1. There are a number of ways that ‘ing‘ is used in English. Sometimes ‘ing‘ is used to form a gerund. A gerund has an ‘ing‘ ending and it acts like a noun. Gerunds can be the subject or object of sentences. For example, in the sentence ‘I enjoy swimming‘, the object is ‘swimming‘ and it is a gerund. The ‘ing‘ ending is also used to form the present continuous. For example, the sentence ‘I am writing‘ describes an action that I might be doing now or around now.
2. Look at this extract from The Cook (Chapter 5) and find the ‘ing‘ structures. Decide if they are gerunds or part of the present continuous
Suddenly, shouting filled the air. She looked out the kitchen window: a fight. ‘No!’ she called, ‘Stop!’
The two dishwashers turned and stared at her.
‘They’re fighting,’ she said and pointed to two boys in the playground. The dishwashers continued to drink their tea. One said, ‘It happens all the time, dear. Don’t worry about it.’ She looked out the window again. Now there was a crowd around the two boys. ‘Don’t go out there,’ said the other dishwasher, ‘it’s not safe.’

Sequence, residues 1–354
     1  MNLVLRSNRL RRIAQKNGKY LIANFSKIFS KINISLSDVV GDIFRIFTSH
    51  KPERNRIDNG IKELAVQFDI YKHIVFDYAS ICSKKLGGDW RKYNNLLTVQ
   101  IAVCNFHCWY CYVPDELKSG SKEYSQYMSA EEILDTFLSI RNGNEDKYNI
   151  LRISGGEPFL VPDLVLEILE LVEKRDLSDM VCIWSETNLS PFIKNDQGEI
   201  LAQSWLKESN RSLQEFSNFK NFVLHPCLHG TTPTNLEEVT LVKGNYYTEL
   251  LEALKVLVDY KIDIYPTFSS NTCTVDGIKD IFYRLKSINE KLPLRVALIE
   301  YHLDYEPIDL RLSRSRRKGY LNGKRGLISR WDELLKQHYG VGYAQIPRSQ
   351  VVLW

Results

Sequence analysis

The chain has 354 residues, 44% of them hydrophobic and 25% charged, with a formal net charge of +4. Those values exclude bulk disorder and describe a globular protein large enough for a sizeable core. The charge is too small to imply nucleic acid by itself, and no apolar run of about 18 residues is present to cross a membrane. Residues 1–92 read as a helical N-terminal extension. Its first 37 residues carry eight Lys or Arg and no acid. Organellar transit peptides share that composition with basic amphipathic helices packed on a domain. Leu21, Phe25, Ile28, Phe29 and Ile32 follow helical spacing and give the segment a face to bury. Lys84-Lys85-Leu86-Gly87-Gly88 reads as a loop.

3. Look at these sentences and decide if the underlined words are gerunds or part of the present progressive
a. Driving a car and talking on a phone at the same time is illegal in many countries.
b. Look at him: he’s driving and talking on his phone at the same time.
c. Talking and chewing food at the same time is rude!
d. Looking at someone’s answers in an exam is cheating.
e. Look! He’s doing it again – he’s copying her answers!